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Re: DLO only available with RAW via DPP.
In reply to ptigris, May 13, 2013

ptigris wrote:

There is also a small feature on DLO here -

http://www.andrewsgibson.com/blog/2012/04/dpps-digital-lens-optimiser/

Paul

I use lightroom as article says.  Many more lenses

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MisterPootieCat
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Re: DLO only available with RAW via DPP.
In reply to TTMartin, May 13, 2013

TTMartin wrote:

MisterPootieCat wrote:

Only available with full sized RAW files from supported bodies and lenses. DxO Pro does the same thing but has a much larger database of lenses and bodies, and it will work with JPEG images.

And DxO Optics Pro costa $200-$300 (depending on crop or full frame) compared to FREE for Canon DLO in DPP.

Well, someone asked if third party software had the same or similar functionality. And third party generally infers it's not free. I think 98% of the people know that.

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MisterPootieCat
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Re: DLO only available with RAW via DPP.
In reply to meland, May 13, 2013

meland wrote:

MisterPootieCat wrote:

Only available with full sized RAW files from supported bodies and lenses. DxO Pro does the same thing but has a much larger database of lenses and bodies, and it will work with JPEG images.

I'm not sure DXO is advanced as DPP in this respect.  Most correction systems such as LR and PP only use a general lens correction. Only Canon has access to the mathematical models it used in creating its lenses originally and therefore the ability to use that data in designing the software to correct aberrations for each lens at each focal length (including for zooms) and aperture.

Not true. DxO physically tests every camera body and lens combination when producing the lens modules. Their database covers considerably more bodies and lenses but Canon is adding lenses with each new version of DPP. Even the original Digital Rebel and the original kit lens are in the DxO database. And it works with JPEG, Canon's DLO does not.

I think the DLO module does a great job, assuming you meet all the prerequisites (Full RAW and supported hardware). The list of supported lenses is getting better, and lens/TC combinations were just recently added.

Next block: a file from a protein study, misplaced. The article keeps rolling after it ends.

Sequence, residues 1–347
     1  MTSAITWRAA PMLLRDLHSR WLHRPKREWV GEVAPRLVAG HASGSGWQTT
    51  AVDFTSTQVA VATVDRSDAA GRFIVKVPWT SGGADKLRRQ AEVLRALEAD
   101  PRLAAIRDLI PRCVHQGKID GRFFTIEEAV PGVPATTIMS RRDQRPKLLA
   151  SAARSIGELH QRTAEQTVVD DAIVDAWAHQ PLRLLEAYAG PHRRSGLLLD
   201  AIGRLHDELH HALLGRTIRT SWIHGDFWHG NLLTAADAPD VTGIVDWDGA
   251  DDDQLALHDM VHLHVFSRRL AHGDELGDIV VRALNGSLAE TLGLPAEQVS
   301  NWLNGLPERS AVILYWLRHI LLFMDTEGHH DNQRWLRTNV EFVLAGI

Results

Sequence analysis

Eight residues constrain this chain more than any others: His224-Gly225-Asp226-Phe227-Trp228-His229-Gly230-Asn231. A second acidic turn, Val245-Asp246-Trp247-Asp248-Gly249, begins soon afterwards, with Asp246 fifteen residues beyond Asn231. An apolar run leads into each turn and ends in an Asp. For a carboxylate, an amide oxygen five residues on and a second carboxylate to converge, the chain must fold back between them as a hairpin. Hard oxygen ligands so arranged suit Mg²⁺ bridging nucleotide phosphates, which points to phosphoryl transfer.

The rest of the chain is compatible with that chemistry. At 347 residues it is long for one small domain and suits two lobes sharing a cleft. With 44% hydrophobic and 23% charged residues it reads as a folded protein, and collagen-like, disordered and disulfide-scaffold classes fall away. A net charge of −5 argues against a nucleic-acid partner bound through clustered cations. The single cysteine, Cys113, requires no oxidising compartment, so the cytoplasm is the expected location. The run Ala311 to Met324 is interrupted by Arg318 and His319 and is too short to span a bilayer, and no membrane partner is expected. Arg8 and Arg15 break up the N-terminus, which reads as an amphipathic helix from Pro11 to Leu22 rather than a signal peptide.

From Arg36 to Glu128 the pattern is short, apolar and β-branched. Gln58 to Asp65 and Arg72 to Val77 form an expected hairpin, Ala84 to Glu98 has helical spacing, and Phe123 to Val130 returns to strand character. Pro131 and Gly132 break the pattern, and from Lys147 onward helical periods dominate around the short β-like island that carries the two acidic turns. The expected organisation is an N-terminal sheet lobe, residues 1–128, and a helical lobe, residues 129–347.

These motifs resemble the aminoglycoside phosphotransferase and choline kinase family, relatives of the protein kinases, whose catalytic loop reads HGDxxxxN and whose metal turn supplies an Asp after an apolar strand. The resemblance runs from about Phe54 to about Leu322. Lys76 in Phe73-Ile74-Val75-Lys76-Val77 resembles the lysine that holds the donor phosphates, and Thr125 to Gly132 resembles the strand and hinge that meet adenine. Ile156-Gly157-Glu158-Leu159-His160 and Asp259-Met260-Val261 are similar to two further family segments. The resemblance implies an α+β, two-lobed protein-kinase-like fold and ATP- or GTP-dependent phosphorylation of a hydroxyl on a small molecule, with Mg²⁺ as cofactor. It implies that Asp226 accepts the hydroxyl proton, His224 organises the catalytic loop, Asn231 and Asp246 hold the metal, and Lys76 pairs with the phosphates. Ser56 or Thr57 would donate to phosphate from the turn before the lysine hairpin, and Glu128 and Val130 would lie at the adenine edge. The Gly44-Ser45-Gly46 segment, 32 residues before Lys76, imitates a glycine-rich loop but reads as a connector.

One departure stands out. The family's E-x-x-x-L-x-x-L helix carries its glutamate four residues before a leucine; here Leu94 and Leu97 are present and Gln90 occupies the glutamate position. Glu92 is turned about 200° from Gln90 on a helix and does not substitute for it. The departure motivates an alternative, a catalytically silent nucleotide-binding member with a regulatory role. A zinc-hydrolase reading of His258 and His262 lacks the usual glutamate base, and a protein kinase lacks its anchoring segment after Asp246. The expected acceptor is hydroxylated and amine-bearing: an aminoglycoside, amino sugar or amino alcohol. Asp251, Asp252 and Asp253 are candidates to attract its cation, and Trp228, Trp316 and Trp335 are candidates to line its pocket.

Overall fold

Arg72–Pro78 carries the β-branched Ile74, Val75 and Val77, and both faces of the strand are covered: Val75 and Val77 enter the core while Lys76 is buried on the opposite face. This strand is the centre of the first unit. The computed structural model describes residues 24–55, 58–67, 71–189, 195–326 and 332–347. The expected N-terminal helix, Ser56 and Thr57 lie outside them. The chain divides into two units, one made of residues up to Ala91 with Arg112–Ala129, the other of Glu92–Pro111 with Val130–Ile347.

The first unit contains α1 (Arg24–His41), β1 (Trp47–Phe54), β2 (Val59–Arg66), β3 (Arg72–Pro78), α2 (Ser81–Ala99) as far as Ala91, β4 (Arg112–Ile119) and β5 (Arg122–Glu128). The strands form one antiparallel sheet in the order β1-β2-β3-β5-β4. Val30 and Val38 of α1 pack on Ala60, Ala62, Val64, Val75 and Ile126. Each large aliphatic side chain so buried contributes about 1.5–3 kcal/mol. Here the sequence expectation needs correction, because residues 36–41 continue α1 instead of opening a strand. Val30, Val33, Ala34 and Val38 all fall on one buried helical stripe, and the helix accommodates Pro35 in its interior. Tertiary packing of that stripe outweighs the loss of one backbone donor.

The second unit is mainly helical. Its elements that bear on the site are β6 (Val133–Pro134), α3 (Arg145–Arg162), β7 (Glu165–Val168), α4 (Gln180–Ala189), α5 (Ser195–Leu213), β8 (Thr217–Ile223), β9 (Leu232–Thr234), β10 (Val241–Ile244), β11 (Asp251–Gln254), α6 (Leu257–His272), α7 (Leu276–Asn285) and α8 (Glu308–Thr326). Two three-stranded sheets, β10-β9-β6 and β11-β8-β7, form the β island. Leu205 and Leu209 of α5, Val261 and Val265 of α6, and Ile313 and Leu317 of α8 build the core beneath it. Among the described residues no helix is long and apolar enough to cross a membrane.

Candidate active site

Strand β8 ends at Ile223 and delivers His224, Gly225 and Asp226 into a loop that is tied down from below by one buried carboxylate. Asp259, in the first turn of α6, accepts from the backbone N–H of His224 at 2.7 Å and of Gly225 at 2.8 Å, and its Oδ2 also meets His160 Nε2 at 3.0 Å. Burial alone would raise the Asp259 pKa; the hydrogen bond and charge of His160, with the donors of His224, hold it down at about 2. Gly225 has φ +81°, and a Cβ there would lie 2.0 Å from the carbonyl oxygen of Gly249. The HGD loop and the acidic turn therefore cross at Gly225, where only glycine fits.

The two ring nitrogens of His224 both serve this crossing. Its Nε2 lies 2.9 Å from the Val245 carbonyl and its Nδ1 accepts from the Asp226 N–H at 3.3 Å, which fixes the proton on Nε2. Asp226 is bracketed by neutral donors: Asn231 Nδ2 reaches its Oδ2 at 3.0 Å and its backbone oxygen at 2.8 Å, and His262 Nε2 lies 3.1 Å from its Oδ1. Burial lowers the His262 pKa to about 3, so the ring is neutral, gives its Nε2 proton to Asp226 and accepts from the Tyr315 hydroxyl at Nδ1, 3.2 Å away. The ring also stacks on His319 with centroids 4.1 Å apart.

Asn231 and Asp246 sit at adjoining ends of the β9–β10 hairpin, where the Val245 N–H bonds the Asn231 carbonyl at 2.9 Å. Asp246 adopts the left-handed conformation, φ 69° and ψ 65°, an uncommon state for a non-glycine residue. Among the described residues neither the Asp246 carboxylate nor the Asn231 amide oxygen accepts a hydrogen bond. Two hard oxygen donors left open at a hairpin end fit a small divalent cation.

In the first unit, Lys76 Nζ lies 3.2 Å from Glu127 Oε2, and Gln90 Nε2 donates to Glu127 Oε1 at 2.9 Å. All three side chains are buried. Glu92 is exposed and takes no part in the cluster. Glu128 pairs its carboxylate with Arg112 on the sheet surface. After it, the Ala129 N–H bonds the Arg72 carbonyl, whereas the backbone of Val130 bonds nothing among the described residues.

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meland
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Re: DLO only available with RAW via DPP.
In reply to MisterPootieCat, May 13, 2013

MisterPootieCat wrote:

meland wrote:

MisterPootieCat wrote:

Only available with full sized RAW files from supported bodies and lenses. DxO Pro does the same thing but has a much larger database of lenses and bodies, and it will work with JPEG images.

I'm not sure DXO is advanced as DPP in this respect.  Most correction systems such as LR and PP only use a general lens correction. Only Canon has access to the mathematical models it used in creating its lenses originally and therefore the ability to use that data in designing the software to correct aberrations for each lens at each focal length (including for zooms) and aperture.

Not true. DxO physically tests every camera body and lens combination when producing the lens modules. Their database covers considerably more bodies and lenses but Canon is adding lenses with each new version of DPP. Even the original Digital Rebel and the original kit lens are in the DxO database. And it works with JPEG, Canon's DLO does not.

Despite this do you think that DXO knows as much about lens design as Canon and knows how to correct the specific aberrations, or has access to Canon's design models to be able to do so?

I think the DLO module does a great job, assuming you meet all the prerequisites (Full RAW and supported hardware). The list of supported lenses is getting better, and lens/TC combinations were just recently added.

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MisterPootieCat
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Re: DLO only available with RAW via DPP.
In reply to meland, May 13, 2013

meland wrote:

MisterPootieCat wrote:

meland wrote:

MisterPootieCat wrote:

Only available with full sized RAW files from supported bodies and lenses. DxO Pro does the same thing but has a much larger database of lenses and bodies, and it will work with JPEG images.